Posted by: patenttranslator | August 28, 2012

“Le bon marché coûte toujours plus cher” because a penny saved is not always a penny earned

This French proverb is usually translated into English as “you get what you pay for”, but I like the French version better because it has a slightly different meaning. It means literally “inexpensive things always end up costing more”.

Many things that have been kind of mistranslated from a foreign language already became a part of the culture in another language and if you try to correct the mistranslation, you will be called an ignoramus because nobody knows the original in a foreign language.

For example, the standard translation for the famous sentence by Victor Hugo “On résiste à l’invasion des armées, on ne résiste pas à l’invasion des idées.” is “You cannot fight an idea whose time has come”. That is pretty close and quite clever, but where is the invasion and where are the armies? After the invasions of Iraq and Afghanistan, Victor Hugo’s sentence is extremely timely, while the English translation sounds like a bland advertisement for iPhone because the most explosive elements have been removed from it. Even English speakers who don’t speak French can see that something is wrong. I wonder what Victor Hugo would say about this translation.

But since I already wrote about commonly accepted mistranslations for example in this post, my post today will be about something else, namely about the relative cost of a real translation versus the real cost of what one could call a fake translation.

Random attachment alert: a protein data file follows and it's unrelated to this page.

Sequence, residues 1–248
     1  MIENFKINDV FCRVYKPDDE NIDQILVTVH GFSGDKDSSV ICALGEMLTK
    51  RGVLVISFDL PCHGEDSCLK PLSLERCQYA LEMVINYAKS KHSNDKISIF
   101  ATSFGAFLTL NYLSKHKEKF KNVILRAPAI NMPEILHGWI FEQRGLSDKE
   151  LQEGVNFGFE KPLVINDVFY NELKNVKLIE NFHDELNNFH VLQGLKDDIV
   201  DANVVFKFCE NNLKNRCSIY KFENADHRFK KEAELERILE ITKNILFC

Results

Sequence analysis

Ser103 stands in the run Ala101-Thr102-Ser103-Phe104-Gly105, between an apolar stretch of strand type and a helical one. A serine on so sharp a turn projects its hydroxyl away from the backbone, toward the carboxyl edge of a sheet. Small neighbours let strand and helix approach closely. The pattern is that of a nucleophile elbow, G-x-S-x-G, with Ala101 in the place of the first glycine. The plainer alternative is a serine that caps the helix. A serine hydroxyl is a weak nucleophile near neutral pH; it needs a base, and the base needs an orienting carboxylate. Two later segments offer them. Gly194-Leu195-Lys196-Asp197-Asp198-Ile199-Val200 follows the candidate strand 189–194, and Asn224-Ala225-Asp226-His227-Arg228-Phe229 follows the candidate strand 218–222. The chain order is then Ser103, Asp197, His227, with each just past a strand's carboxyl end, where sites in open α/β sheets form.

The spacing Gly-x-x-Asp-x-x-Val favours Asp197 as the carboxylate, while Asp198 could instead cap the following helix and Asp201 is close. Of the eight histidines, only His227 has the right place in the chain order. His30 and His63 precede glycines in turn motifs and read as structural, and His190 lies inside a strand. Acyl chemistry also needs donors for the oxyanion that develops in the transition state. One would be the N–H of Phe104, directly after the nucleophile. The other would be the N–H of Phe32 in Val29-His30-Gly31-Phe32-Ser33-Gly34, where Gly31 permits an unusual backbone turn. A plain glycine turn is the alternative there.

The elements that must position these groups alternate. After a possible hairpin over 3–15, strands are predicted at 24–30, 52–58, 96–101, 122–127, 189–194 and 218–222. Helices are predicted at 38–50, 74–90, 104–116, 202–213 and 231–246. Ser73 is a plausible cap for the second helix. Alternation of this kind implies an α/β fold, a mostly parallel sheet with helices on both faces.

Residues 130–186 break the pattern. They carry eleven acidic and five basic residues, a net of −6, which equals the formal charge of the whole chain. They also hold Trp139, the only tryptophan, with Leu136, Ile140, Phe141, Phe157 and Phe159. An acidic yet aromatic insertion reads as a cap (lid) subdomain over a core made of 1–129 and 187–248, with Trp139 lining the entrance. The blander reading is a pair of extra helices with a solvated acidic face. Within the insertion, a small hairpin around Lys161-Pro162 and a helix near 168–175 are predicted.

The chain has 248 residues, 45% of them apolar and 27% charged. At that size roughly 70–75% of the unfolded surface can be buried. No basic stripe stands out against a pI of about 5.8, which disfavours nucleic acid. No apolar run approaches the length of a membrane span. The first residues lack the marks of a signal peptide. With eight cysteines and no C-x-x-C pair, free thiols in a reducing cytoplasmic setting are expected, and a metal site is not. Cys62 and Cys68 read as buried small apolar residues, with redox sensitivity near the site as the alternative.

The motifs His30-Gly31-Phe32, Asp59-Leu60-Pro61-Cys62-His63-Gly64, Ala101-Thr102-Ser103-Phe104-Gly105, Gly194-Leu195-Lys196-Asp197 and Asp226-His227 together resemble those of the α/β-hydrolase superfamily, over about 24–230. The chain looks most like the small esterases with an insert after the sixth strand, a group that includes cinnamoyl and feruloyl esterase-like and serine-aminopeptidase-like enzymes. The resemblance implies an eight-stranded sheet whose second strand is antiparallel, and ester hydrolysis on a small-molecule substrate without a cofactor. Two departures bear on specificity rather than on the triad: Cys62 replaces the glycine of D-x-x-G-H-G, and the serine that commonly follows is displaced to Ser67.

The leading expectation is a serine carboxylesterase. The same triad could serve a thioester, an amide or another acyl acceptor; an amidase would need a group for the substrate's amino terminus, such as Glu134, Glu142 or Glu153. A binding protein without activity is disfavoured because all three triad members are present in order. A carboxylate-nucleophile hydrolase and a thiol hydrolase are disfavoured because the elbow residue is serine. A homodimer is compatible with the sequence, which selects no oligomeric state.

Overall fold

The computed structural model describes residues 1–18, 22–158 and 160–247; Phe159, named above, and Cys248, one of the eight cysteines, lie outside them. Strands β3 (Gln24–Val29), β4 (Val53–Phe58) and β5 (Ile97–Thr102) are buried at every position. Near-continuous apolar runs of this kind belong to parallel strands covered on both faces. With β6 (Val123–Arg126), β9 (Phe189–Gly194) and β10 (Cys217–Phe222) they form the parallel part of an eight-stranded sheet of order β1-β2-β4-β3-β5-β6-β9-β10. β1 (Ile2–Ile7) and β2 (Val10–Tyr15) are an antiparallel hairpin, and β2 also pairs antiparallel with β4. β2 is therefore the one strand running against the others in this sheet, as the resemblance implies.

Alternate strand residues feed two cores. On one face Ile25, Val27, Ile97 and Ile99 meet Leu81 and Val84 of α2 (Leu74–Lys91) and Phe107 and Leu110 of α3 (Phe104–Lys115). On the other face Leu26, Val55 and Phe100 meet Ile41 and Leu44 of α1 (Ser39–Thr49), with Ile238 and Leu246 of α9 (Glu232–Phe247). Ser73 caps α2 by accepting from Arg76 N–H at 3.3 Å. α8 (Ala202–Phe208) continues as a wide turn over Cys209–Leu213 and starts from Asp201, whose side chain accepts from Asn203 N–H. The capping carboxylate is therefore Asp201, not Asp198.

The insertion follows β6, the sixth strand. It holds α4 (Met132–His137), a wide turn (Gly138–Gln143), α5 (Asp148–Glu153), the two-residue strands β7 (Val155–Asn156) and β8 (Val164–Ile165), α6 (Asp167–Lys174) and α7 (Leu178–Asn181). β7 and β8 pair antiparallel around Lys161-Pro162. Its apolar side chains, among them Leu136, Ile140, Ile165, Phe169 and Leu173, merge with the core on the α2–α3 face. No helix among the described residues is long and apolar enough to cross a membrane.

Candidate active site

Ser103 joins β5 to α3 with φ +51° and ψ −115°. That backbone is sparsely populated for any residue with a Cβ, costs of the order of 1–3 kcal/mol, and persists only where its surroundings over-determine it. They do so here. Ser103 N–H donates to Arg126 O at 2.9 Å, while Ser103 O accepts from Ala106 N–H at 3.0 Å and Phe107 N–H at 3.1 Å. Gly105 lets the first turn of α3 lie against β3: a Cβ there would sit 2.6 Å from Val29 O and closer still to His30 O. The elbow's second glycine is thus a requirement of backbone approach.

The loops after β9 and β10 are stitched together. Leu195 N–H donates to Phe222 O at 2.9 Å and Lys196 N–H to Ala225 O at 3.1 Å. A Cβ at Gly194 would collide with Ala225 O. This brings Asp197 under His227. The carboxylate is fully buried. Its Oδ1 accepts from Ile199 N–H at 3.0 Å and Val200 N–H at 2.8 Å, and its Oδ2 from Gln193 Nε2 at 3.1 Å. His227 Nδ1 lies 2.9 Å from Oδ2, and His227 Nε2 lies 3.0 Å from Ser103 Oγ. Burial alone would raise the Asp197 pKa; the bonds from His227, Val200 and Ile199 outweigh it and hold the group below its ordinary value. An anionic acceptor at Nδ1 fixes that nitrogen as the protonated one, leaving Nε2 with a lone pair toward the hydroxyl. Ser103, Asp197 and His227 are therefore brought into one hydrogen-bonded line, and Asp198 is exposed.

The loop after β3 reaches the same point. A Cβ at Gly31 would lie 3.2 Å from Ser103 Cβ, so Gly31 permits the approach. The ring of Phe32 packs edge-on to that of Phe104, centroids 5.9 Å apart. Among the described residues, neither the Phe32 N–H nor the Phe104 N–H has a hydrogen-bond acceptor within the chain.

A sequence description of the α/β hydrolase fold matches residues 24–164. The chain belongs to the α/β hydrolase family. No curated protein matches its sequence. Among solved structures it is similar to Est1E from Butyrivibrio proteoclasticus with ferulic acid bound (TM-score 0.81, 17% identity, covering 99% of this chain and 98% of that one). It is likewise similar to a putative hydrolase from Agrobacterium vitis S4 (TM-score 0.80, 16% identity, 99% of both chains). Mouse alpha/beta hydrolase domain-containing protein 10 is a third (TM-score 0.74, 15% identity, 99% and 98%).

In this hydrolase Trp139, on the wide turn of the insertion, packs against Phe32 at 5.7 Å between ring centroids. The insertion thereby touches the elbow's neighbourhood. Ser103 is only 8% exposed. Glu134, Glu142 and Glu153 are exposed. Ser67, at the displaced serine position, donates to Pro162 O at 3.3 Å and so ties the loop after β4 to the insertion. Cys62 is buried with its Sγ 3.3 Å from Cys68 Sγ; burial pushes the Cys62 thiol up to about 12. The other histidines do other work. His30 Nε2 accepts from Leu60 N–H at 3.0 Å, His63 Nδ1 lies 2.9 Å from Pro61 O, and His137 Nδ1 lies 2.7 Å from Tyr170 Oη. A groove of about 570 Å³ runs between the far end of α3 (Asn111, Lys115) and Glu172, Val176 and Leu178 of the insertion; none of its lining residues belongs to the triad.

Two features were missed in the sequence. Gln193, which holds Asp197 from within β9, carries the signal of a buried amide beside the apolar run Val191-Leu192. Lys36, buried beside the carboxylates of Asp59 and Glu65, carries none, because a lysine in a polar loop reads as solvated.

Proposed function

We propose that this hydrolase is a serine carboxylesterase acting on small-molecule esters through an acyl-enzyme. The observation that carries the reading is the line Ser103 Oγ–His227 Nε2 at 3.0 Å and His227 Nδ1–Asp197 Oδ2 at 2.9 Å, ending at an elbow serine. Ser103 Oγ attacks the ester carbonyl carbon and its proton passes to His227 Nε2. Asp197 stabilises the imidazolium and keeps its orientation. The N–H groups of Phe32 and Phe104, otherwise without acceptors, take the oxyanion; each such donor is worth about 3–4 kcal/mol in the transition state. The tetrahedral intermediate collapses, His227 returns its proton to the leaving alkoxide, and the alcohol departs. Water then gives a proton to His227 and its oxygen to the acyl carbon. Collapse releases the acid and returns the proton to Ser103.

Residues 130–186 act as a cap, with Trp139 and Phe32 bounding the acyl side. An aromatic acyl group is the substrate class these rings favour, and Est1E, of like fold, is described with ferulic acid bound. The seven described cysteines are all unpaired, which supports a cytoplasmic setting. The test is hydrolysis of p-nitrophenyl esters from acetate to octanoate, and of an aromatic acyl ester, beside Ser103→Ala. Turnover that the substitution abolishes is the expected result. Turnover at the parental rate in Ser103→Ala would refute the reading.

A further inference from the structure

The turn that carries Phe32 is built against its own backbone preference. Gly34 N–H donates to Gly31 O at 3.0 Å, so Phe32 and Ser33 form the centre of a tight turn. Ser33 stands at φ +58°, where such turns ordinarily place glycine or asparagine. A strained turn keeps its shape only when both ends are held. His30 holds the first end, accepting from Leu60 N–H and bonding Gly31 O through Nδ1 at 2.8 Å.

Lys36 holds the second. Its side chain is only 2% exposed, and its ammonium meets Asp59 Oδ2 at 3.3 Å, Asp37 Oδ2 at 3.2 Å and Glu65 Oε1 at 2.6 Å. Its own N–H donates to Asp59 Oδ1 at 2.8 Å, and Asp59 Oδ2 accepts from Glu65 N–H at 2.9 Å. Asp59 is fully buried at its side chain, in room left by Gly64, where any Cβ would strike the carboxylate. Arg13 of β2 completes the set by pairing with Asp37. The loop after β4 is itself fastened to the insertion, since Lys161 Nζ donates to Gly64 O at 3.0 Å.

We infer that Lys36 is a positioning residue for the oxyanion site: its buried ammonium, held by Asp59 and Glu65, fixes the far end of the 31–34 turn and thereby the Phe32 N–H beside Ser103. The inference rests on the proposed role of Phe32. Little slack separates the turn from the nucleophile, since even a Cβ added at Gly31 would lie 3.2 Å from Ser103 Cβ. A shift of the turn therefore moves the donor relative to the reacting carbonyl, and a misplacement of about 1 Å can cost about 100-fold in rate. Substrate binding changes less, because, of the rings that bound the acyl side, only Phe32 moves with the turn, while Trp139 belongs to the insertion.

If you buy fake Rolex or fake Viagra online for next to nothing, (let’s say for the sake of the argument that you do need a Rolex watch or Viagra, although I sincerely hope you don’t need either), you are probably broke and impotent, as well as not very smart, to put it mildly.

People buy a Rolex watch because, expensive as it is, it keeps its value and it empresses people who tend to be impressed by things that are shiny and expensive, which is to say most people. But fake Rolex watches don’t have any value, and they will impress only dummies who can’t tell the real thing from a fake. Smarter people will spot a fake right away. And if you want to buy Viagra because your equipment does not work as it used to, you should definitely buy the real thing too because the cheap fakes sold online will not help you much since the blue pills contain mostly sugar. That’s why they are so cheap!